Before Halloween became commercialized, sold to adults to celebrate with sexy costume parties spiked with horror movies, long before Halloween became a lighthearted opportunity for children—their faces painted and ghostly sheets worn—to gorge on candies… even before it acquired its Christian overlay, Halloween was a pagan, probably Celtic, festival. The darkening days of autumn was thought to be a time of agitated spirits, when the souls of the dead wandered the earth on their way to the other side. Rituals were developed to protect humans from these spirits; they lit bonfires, and wore masks. Gifts of food and drink were left out to appease the wandering spirits—which might be the origin of today’s trick-or-treating.
Psychologically speaking, Halloween is all about death. With the days growing shorter and the nights longer, there is more to fear in the dark, including the ultimate darkness. Death is the hardest fact we know; inevitable, universal, and incomprehensible. Death challenges the meaning of every bit of our life, and/or provides it with meaning.
We in the West deal with the terrifying, enormous and mysterious fact of death… Not at all. Our defenses consist mostly of avoidance and denial. They are not very satisfying or enlightening defenses.
Enter the Death Café. You read it right. There is a growing movement of folks getting together for coffee, tea and cake and a safe place to talk about issues related to death. Sometimes, an attendee has told me, people come because they have lost loved ones and they raise issues of grief. Others want to talk about how to have a “good death,” or maintain some control over what happens to them at the end of their lives. Grief counselors, hospice workers and other with professional interests come, too. According to their website, there are death cafes all around Europe, South America, and North America. Perhaps even in your community.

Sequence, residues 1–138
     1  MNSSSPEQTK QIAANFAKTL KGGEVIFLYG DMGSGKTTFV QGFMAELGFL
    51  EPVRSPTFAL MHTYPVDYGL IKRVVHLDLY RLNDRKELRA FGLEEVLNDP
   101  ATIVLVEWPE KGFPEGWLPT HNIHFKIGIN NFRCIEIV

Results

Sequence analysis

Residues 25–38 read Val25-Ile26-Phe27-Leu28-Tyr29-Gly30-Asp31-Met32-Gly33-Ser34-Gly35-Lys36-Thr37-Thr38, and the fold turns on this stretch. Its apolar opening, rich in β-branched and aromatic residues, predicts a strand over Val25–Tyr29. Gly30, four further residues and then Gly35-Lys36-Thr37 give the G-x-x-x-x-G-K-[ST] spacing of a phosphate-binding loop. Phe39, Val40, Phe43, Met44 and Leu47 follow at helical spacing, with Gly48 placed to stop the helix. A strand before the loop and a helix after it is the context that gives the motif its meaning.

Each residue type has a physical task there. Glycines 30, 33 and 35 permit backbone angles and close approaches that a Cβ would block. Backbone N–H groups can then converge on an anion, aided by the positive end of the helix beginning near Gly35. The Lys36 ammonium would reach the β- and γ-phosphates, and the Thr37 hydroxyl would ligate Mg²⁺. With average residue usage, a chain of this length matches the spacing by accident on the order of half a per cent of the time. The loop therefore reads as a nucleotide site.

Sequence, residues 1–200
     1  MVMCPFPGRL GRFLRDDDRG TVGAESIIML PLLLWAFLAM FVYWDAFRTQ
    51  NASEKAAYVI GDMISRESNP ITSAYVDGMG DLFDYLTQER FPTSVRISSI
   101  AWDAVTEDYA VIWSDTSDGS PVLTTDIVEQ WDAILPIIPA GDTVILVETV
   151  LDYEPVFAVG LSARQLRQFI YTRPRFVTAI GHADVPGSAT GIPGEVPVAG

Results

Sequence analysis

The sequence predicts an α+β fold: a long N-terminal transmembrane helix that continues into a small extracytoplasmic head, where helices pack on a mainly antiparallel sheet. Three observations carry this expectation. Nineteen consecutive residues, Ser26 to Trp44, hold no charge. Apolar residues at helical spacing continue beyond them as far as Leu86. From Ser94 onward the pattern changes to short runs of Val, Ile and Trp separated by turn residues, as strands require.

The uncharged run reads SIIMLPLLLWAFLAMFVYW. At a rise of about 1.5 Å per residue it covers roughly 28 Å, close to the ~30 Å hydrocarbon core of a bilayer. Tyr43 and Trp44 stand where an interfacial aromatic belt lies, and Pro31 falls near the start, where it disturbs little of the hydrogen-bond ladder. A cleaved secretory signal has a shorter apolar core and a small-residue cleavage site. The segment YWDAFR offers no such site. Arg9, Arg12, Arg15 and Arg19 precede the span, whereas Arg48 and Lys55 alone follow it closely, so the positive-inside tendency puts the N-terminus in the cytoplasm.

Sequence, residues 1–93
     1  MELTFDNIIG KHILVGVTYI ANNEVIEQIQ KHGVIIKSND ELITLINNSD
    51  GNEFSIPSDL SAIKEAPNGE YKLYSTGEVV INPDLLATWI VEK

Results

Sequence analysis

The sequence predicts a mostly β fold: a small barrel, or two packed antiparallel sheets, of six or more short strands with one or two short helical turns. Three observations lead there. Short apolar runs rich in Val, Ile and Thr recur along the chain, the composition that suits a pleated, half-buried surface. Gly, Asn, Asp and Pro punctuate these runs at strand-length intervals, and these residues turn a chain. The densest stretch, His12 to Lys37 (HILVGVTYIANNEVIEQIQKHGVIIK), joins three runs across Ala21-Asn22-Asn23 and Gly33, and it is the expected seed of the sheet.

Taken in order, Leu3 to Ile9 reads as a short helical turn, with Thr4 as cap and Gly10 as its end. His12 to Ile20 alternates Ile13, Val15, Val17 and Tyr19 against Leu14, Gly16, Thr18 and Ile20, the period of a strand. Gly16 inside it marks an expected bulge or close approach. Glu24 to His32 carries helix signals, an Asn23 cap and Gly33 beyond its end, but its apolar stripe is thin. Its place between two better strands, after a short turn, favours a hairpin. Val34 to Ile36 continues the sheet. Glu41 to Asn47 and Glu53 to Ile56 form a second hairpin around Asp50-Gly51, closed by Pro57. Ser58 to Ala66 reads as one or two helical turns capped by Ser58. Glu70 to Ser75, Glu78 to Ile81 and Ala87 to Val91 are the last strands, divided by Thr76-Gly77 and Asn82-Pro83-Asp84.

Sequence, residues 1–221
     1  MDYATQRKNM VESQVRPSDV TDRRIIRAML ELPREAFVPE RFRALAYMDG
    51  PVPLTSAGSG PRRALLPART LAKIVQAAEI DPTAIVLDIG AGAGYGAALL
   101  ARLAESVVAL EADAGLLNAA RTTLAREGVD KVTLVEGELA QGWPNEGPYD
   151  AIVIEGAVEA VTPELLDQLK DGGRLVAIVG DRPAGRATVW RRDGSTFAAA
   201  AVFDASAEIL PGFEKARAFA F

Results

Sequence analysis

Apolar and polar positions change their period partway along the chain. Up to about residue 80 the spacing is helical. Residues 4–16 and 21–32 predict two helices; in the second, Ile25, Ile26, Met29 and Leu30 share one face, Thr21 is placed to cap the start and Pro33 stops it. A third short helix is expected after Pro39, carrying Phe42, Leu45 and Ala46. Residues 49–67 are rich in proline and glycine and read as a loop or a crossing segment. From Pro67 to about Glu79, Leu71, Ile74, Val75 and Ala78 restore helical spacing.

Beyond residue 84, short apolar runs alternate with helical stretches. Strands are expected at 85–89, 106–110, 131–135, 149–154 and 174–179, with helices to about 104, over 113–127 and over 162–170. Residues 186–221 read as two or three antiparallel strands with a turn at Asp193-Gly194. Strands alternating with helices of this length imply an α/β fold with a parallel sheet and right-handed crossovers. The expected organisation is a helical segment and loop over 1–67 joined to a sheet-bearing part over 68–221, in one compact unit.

It’s an odd name, “death café”; one word denotes casual familiarity and sociability, the other quite the opposite. But it seems to be working. In a time of technological health care that often prolongs pain and suffering, and drains resources, and in a time where fewer people are supported and guided by robust communal death rituals, it seems a healthy move to begin to open conversations about death in our time.